Gatwick Airport has responded to the Transport Committee Third Report 2015-16: Airport expansion in the South East.
The Transport Committee’s astonishing statement that the arguments ‘for and against airport expansion have changed little in a quarter of a century’ ignores the significant change within the aviation industry following the break-up of the BAA monopoly in 2009 - and the worsening of air quality in the UK which has repeatedly halted Heathrow’s plans in the past.
In one key respect, however, the committee is right to say that nothing has changed - Heathrow is still undeliverable. Fortunately, there is now a credible alternative at Gatwick that can mean Britain finally gets on with it.
The opportunity to end decades of delay and false starts can only be achieved by giving the green light for Gatwick expansion. Gatwick is the only scheme which can actually deliver the economic benefits airport expansion would bring without the dramatic and unacceptable impacts on noise and air quality.
Chalara ash dieback, which could kill millions of ash trees, was first identified in the UK in 2012 and experts feared it could have the same devastating impact on the country's woodlands and landscape as Dutch elm disease in the 1970s. However, a tree called Betty has come to the rescue...
A water main burst at Bishopstoke, between Eastleigh and Brambridge. Southern Water crews have been carrying out repairs.
Gray Surman sent in video of the burst water main at Bishopstoke in Hampshire.
Litter on our region's beaches is at its highest levels on record. That's according to the Marine Conservation Society after publishing its results of the Big Beach Clean. Thousands of volunteers turned out to help in the survey as Andy Dickenson reports.
There are calls for all local authorities to be given the power to charge drivers for entering towns and cities, to improve air quality. In December the Environment Department published details on bringing in clean air zones in cities like Southampton by 2020. It's aimed at discouraging the most polluting vehicles.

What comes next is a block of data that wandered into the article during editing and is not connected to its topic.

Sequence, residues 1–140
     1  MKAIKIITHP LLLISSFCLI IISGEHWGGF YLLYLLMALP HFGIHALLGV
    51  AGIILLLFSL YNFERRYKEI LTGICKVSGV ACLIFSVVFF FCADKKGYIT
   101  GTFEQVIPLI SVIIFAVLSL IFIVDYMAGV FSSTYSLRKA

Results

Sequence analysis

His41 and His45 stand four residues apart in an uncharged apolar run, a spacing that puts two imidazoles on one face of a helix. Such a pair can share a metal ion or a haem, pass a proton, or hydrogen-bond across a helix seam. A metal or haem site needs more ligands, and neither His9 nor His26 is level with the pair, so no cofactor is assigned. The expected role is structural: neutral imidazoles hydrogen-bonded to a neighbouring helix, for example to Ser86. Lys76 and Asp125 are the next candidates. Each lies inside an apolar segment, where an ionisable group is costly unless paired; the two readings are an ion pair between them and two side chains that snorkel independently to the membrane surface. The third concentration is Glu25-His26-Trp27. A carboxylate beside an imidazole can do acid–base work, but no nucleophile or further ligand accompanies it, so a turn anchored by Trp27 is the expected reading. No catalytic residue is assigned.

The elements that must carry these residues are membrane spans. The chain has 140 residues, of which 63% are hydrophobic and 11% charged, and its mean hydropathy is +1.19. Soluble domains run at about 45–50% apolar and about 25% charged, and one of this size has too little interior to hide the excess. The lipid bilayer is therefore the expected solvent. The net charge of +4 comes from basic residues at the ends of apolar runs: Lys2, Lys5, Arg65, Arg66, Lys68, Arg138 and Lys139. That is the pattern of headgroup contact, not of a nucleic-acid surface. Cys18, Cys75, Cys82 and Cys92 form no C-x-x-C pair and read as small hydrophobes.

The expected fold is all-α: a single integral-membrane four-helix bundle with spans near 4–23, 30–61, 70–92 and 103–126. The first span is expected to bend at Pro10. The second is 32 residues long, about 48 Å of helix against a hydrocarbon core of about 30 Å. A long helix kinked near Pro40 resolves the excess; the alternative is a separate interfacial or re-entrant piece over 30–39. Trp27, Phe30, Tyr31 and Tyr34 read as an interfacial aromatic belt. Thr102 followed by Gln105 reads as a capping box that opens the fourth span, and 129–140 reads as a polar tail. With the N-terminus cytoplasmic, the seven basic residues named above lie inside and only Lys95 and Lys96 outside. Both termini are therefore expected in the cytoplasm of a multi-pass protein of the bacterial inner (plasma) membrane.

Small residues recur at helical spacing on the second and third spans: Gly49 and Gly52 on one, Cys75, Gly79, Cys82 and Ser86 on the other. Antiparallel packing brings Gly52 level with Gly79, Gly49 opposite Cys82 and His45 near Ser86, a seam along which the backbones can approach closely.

Campaigners say roadside litter's 'getting worse' - despite the drive to 'Clean for the Queen'Read the full story ›
Reading Buses are set to be the first bus company in the world running double decker buses powered by Compressed Natural Gas from a bio-methane source.
The new buses will be a welcome addition to the company's fleet of 34 single deck Scania gas buses. The five new double-deckers cost around £1.3 million and Reading Buses' Chief Executive Officer, Martijn Gilbert, says the fuel has proven both cost viable and reliable.
For passengers, the buses will have the latest Reading Buses interior including comfortable high back seating, USB charging sockets for mobile phones and tablets, free superfast 4G wi-fi and next stop audio and visual customer information systems.
Our gas buses are consistently high performers in terms of both reliability and customer appeal with considerably quieter and greener engines than conventional diesel vehicles.
We were the first UK operator of Scania’s gas single deck buses and our experience of these has proven the economic case to add more such vehicles within our existing depot infrastructure and come back three years later with yet another major order that is again a ‘first’ for gas buses.”